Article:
“What I really wanted to do was tell my own story. If something helps me to tell it, I’ll use it. I really wanted to do a mainstream movie in black and white. You see a lot of experimental ones like that, it’s no problem, but I didn’t want to do that. My daughter asked me once if the world was black and white when I was born.
"So they really don’t know…But I wanted to show that experience. It’s very special and very specific to those movies that are now gone. Nobody watches silent movies anymore.”
Well, maybe. And, then again, maybe not.
4. Upstream (1 p.m. Sunday, Museum of Fine Arts, Houston)
No other director has ever matched John Ford’s Oscar tally — four golden statuettes for dramas, two more for documentaries — and few others have had more influence on films made by other filmmakers. (Orson Welles famously claimed to have to watched and studied Ford’s Stagecoach more than a dozen times while prepping to direct Citizen Kane.)
But even the most devoted admirers of Ford’s oeuvre (The Informer, The Searchers, How Green Was My Valley, My Darling Clementine and on and on and on) may be pleasantly surprised by Upstream, a charming 1927 comedy — yes, that’s right, a John Ford comedy — long thought to have been lost before a print was discovered last year in the New Zealand Film Archive.
As Susan King of The Los Angeles Times reported after the film’s “re-premiere” at the Academy of Motion Picture Arts and Sciences' Samuel Goldwyn Theater, Upstream is “set in a New York boarding house for actors. The action revolves around a love triangle between a ham actor (Earle Foxe, channeling his inner John Barrymore), the youngest and least talented member of a famed acting family; a young, cute member of a knife-throwing act (Nancy Nash); and the knife-thrower (Grant Withers). She adores the actor; the knife-thrower adores her.”
H-Town audiences will have chance to fall in love with Upstream when CAFH presents it with live musical accompaniment by the Donald Sosin Ensemble.
5. Natural Selection (4 p.m. Sunday, Edwards Greenway Grand Palace)
Winner of both the jury and audience awards for best feature at the 2011 South by Southwest Film Festival, Jersey Village native Jeffrey Pickering’s engaging dramedy is a richly amusing and stealthily affecting road movie that details a journey of self-discovery. Linda White (Rachel Harris), a fortysomething, devoutly Christian housewife, is caught in a conjugal Catch 22: Because she was diagnosed years ago as barren, her husband Abe (John Diehl) — who’s even more devout, if not downright fanatical, in his religious beliefs — always has refused to have marital relations with her.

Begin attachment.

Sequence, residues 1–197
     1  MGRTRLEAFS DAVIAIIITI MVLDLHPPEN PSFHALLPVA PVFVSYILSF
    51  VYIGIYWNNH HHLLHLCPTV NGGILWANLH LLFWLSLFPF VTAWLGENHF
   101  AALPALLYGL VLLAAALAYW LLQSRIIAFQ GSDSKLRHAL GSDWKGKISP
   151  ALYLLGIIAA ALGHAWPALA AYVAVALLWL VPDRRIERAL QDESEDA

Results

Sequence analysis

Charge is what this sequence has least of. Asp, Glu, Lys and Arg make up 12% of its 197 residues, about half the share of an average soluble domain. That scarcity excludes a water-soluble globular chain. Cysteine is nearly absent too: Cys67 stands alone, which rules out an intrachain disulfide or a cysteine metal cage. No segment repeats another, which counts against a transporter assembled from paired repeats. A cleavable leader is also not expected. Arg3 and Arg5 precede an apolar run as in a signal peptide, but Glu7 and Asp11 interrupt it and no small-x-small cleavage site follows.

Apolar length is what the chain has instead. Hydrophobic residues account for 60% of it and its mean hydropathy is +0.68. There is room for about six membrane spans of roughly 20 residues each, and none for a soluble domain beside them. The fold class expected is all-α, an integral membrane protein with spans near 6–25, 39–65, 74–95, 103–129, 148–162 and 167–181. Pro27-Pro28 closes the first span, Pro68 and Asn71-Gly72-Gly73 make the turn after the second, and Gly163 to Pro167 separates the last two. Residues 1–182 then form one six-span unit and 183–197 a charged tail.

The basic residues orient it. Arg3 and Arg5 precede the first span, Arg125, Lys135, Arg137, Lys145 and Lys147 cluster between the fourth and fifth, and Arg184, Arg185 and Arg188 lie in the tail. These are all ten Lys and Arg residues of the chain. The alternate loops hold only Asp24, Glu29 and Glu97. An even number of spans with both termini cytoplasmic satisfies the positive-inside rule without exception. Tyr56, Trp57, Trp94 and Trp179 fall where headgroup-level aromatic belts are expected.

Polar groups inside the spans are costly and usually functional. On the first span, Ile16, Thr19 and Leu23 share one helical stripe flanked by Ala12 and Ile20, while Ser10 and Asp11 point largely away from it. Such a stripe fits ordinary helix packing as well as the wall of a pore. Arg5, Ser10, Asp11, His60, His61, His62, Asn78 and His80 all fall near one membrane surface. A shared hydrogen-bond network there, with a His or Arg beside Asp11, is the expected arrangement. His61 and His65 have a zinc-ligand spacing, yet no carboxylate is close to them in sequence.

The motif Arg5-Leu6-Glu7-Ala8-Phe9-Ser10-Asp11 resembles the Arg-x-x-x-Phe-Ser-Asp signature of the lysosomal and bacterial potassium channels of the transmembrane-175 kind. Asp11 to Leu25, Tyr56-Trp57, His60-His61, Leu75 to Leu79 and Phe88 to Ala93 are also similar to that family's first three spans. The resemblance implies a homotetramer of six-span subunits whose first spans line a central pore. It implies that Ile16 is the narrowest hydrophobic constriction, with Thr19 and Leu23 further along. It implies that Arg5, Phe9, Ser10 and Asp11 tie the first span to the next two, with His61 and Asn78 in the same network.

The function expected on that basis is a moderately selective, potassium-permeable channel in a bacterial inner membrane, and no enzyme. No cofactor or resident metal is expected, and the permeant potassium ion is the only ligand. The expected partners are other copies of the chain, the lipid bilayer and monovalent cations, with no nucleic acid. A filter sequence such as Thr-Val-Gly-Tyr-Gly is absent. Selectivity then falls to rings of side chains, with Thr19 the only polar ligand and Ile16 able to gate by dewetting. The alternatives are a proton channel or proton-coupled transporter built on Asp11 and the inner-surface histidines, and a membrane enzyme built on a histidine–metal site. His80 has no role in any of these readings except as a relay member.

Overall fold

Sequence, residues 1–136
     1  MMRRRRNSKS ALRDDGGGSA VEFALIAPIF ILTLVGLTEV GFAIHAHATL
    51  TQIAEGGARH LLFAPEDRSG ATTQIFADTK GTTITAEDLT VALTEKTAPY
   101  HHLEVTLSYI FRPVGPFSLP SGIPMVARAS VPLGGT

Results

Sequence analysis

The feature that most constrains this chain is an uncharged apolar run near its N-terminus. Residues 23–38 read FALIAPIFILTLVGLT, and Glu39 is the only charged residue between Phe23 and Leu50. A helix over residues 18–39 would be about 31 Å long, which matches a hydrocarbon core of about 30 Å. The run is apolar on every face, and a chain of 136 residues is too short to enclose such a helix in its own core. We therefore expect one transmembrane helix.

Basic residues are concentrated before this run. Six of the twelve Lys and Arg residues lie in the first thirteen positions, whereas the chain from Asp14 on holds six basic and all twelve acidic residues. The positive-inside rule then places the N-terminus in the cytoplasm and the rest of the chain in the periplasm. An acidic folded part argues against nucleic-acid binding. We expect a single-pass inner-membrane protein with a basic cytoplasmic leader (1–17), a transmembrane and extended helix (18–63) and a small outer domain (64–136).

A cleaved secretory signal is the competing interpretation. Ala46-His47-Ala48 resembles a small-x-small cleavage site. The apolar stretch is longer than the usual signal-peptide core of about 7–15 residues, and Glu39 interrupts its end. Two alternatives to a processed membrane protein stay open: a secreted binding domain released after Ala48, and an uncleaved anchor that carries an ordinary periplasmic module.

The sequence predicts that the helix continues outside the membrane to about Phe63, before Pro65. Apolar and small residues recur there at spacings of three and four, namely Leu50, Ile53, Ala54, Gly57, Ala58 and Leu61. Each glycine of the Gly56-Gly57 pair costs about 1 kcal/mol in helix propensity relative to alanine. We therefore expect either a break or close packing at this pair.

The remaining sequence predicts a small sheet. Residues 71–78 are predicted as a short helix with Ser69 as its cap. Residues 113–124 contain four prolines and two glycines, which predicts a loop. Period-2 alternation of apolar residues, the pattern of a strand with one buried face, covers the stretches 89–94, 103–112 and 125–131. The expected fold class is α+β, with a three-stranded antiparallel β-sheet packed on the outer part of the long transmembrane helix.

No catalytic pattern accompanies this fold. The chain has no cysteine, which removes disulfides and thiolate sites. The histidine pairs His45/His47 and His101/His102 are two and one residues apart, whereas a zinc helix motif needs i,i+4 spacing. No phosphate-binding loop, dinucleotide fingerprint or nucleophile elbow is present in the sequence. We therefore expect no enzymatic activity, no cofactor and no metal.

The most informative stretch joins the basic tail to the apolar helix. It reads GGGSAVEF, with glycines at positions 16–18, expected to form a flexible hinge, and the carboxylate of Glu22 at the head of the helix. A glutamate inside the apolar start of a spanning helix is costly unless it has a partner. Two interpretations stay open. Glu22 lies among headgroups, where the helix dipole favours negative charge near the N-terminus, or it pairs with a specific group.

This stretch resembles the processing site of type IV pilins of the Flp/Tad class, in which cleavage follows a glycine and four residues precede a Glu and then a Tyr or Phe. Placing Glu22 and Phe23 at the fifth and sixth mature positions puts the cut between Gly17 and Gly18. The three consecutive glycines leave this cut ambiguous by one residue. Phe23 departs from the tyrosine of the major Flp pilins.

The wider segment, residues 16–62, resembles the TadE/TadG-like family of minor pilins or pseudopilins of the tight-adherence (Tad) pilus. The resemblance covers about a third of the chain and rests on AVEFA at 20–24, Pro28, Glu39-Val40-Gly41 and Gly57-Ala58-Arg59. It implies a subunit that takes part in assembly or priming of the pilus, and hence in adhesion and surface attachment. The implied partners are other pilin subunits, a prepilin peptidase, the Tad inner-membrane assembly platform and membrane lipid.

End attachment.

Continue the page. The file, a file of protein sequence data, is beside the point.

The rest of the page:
His reasoning: Fornication without the possibility of impregnation is a sin.
Given Abe’s deeply held convictions, Linda is deeply shocked — and more than a mite angry — when she discovers, shortly after he suffers a debilitating stroke, that he’s been making regular donations to a sperm bank for more than 20 years, and that he suffered his stroke during the course of his most recent — wink-wink, nudge-nudge — deposit.
Even so, Linda remains a dutiful wife, and figures that, hey, if Abe truly is knocking on heaven’s door, he should see some return on his investment. So she drives off to Tampa, hoping to track down one of Abe’s biological offspring. What she’s hoping for is a miracle. What she gets is Raymond (Matt O’Leary), a grimy, cranky, mullet-coiffed ne’er-do-well who looks and sounds like a bit player from Cops.
Raymond reluctantly agrees to accompany Linda back to Jersey Village — but only because he’s being hunted by cops after his recent and entirely unauthorized departure from prison. As they travel, of course, complications arise.